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Rave: Even after all these years, “Seinfeld” is still the funniest show on TV.
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Truism III: Artificial intelligence cannot offset natural stupidity.
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Quote III: “You are careful because you see the bad possibilities in everybody.”---Anon.
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Truism IV: Eating a salad while driving is much harder than it looks.
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If you can read this, thank a teacher. If you are reading it in English thank a Veteran.
That is all.
As you were.

Wednesday, April 18, 2007

Curmudgeon in the Wry 347

Wednesday, April 18, 2007---797 Words---Average reading time: 2-minutes, 49 seconds (time frittered away)
Offending readers one issue at a time since 2001.
Almost completely free of original ideas.
Often wrong…but never in doubt.
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Rave: Randy Goodman
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On the Victrola: “Got Nothing but Song”---a Starbucks compilation. Any album that features Mose Allison, Blossom Dearie and Chet Baker gets my vote.
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Reading: “The Motive”---John Lescroart.
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Quote: “As for (the wrongly accused Duke Lacrosse players) David Evans’s news conference statement upon acquittal---‘we’re Just as innocent today as we were back then. Nothing has changed, the facts are the same’---it should be included in any future book of great American speeches.”—Richard Reay, WSJ.
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Rant: I had no problem with Nancy Pelosi going to Syria. It was the return trip that troubled me.
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Hmmmm: We know Ohio State has things in proper perspective when Greg Oden takes only two courses this semester---one of them is “History of Rock and Roll.”
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Rant: If I had to choose between Sharpton, Jackson or Imus to be my moral compass, I would take my chances with Imus.
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Another quote: “Imus did the rest of us no favors by trying to find redemption on Al Sharpton’s radio show, thus helping legitimize Sharpton’s aspiring role as the nation’s offensiveness cop. A notion that is itself offensive, given that he made his chops by falsely accusing an innocent man of rape---something for which he has never apologized---and that his specialty is inflammatory self-aggrandizement.”---Rich Lowry.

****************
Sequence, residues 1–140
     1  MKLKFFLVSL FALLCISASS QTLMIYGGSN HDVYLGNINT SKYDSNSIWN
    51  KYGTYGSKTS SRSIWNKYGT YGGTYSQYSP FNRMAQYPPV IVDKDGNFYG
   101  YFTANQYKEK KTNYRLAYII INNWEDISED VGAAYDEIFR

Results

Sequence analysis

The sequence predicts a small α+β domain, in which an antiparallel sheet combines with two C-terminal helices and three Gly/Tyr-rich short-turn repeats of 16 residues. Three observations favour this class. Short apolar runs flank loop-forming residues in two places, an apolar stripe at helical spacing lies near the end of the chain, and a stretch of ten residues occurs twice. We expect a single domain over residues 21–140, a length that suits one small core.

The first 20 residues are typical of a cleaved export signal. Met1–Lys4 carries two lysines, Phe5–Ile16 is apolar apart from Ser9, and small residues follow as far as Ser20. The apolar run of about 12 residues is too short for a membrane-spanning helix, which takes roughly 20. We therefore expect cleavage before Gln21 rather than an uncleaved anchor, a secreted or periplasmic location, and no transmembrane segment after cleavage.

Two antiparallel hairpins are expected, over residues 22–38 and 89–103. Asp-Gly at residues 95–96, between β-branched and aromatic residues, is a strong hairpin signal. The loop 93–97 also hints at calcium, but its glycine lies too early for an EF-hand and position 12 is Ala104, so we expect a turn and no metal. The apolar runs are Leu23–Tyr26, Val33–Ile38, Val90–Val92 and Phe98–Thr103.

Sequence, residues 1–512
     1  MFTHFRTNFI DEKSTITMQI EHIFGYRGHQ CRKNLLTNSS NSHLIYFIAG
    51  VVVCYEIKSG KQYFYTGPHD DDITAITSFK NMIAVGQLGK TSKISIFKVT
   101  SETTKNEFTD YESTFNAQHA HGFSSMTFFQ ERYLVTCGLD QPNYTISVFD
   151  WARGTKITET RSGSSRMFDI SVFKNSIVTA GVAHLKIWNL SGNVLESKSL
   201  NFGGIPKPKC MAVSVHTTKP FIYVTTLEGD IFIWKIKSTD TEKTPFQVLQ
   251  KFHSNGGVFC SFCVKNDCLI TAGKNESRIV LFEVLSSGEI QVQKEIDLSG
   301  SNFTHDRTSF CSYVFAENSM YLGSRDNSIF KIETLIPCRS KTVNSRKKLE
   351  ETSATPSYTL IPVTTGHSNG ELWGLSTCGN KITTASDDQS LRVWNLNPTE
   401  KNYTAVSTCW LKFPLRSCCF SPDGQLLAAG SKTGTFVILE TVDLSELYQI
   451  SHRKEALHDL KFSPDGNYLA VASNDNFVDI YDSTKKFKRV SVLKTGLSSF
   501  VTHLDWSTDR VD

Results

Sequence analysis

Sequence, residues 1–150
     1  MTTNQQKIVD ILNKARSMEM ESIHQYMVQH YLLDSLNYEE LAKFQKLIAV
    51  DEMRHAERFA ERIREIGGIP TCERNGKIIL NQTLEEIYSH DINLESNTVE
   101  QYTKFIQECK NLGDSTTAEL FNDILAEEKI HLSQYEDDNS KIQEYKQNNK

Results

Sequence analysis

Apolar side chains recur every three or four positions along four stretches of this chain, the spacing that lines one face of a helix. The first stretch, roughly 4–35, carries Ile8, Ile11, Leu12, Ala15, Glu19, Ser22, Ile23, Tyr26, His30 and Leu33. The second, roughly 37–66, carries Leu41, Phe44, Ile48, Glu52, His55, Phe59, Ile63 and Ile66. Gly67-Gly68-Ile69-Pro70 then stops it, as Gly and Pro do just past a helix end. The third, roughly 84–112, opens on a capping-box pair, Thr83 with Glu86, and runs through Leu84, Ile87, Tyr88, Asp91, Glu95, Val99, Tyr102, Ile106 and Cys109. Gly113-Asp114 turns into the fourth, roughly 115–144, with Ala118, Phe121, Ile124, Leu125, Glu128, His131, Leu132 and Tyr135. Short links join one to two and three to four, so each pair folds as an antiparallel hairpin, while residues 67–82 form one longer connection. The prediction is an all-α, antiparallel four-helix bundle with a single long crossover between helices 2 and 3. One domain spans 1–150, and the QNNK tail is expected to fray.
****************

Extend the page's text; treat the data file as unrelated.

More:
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Rant: If Sharpton and Jackson showed the same outrage over black violence, drugs, crime, and out of wedlock births as they do when an inappropriate comment is made, perhaps we would one day see some progress.
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Rave: In “What the Dead Know,” Laura Lippman displays her literary flair and stylistic genius in a tightly woven, hypnotic, highly intelligent adventure.
In 1975, two sisters vanished without a trace from a Baltimore mall. It was a dead end crime---no reliable witnesses, no clues, no leads, no hope.
Thirty years later a hit and run driver (with no ID) claims to be Heather Bethany (one of the sisters).
She has knowledge that only the sisters would have. As the story shifts between the decades, between fact and fiction, between imposter and the genuine article; detective Kevin Infante (a wonderful character) feels something about “Heather’s” story is out of kilter.
The skeptical Infante is unconventional and uses good old-fashioned shoe leather to track down clues, hunches and intuition. His efforts lead him to believe Heather may be one a half dozen identities---or maybe all of them, or none of them.
The three-dimensional characters are caught up in loss, redemption, scrambled identities, in this evocative tale of intrigue.